Ear Mites (Otodectic Mange) in Dogs
Otodectic mites are tiny insects that live in the ear canals and feed by piercing the skin. They are highly contagious to cats and dogs, but not to humans. Ear mites are the most common cause of ear symptoms in puppies and young adult dogs. Suspect ear mites when both of the dog's ears are involved.
Ear mites should not be confused with the mites that cause sarcoptic mange. This is an entirely different disease, but one whose signs can include crusty ear tips (see Scabies, page 126).
It takes only a few ear mites to produce a severe hypersensitivity reaction that leads to intense itching with scratching and violent head shaking. The ear flaps become red, excoriated, crusted, and scabbed. The canals contain a dry, crumbly, dark brown, waxy discharge that looks like coffee grounds and may have a bad odor due to secondary infection.
Ear mites can be identified by removing a specimen of wax with a cotton-tipped applicator and looking at it under a magnifying glass against a black background. Mites are white specks, about the size of the head of a pin, that move.
Treatment: Once the diagnosis has been made, all dogs and cats in the household should be treated to prevent reinfestation. If you have a house bunny or ferret, check their ears as well. The ears must be cleaned as described for external otitis. This is essential. Dirty ear canals provide wax and cellular debris that shelter mites and make it difficult for ear medications to contact and destroy them.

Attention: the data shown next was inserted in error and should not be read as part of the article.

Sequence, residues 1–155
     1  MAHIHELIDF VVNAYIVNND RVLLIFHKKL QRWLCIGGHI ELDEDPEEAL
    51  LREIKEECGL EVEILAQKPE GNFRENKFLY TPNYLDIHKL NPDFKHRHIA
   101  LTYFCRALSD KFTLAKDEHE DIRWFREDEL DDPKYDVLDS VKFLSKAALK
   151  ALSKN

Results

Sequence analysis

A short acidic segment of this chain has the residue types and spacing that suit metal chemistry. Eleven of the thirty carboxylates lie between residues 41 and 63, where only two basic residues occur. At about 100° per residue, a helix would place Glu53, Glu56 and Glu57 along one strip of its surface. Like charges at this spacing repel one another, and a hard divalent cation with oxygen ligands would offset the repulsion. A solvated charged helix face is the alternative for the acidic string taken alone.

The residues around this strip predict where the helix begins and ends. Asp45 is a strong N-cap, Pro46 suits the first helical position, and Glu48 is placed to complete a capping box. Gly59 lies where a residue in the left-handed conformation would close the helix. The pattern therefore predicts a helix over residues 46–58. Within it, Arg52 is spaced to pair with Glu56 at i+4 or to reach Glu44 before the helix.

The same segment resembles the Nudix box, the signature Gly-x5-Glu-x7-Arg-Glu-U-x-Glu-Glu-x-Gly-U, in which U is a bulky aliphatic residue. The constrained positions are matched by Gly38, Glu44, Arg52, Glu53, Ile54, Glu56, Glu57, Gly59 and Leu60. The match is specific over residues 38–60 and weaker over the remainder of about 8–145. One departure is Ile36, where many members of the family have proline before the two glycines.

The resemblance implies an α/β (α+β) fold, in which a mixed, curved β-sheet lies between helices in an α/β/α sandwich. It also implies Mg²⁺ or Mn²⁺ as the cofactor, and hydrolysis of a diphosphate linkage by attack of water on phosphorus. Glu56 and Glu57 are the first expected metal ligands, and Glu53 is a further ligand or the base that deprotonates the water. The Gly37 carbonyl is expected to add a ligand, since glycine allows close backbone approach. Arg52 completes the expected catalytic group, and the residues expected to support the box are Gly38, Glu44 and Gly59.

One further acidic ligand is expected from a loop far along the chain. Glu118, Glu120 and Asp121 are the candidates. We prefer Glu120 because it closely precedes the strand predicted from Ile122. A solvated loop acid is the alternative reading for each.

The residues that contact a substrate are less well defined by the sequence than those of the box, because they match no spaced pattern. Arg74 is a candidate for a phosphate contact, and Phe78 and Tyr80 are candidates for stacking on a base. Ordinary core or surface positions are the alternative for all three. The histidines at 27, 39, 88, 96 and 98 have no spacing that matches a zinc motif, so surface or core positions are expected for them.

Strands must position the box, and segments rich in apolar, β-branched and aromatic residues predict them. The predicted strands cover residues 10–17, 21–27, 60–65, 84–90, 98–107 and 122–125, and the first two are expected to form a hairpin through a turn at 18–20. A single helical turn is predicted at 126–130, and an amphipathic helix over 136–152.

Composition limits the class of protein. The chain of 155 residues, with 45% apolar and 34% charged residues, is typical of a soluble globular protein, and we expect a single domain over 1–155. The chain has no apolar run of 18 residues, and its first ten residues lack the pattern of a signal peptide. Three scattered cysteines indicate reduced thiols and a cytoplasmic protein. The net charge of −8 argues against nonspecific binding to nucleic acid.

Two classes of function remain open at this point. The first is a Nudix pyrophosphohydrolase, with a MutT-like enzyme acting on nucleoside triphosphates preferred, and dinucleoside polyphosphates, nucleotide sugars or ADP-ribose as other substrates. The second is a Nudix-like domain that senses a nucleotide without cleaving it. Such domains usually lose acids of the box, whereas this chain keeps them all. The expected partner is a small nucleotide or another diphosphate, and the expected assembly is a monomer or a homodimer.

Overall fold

After cleaning, medicate the ears using a miticide ear preparation prescribed by your veterinarian. Most preparations contain pyrethrins and thiabendazole. Commonly used ones are Nolvamite, Cerumite, Mitox, Acarex, and Tresaderm. Tresaderm contains a miticide, an antibiotic, and a steroid to relieve itching. Use according to the manufacturer's instructions.
Revolution is a flea control product that is also effective against ear mites and approved for use in treatment and prevention. Ivermectin may be used as an off-label medication for treating tough cases of ear mites.
It is important to complete the entire course of treatment. If treatment is stopped too soon, a new crop of mites will reinfest the dog.
During treatment, mites escape from the ear canals and temporarily take up residence elsewhere on the dog, causing itching and scratching. In addition to treating the ear canals, the entire dog and all animals that come in contact with her should be treated weekly for four weeks using a pyrethrin-based shampoo, a pyrethrins-based flea powder, or Revolution.
Mite infections are often complicated by secondary bacterial otitis. When present, treat as described for external otitis.
This article is excerpted from “Dog Owner’s Home Veterinary Handbook” with permission from Wiley Publishing, Inc.
Copyright © 2007 by Howell Book House. All rights reserved.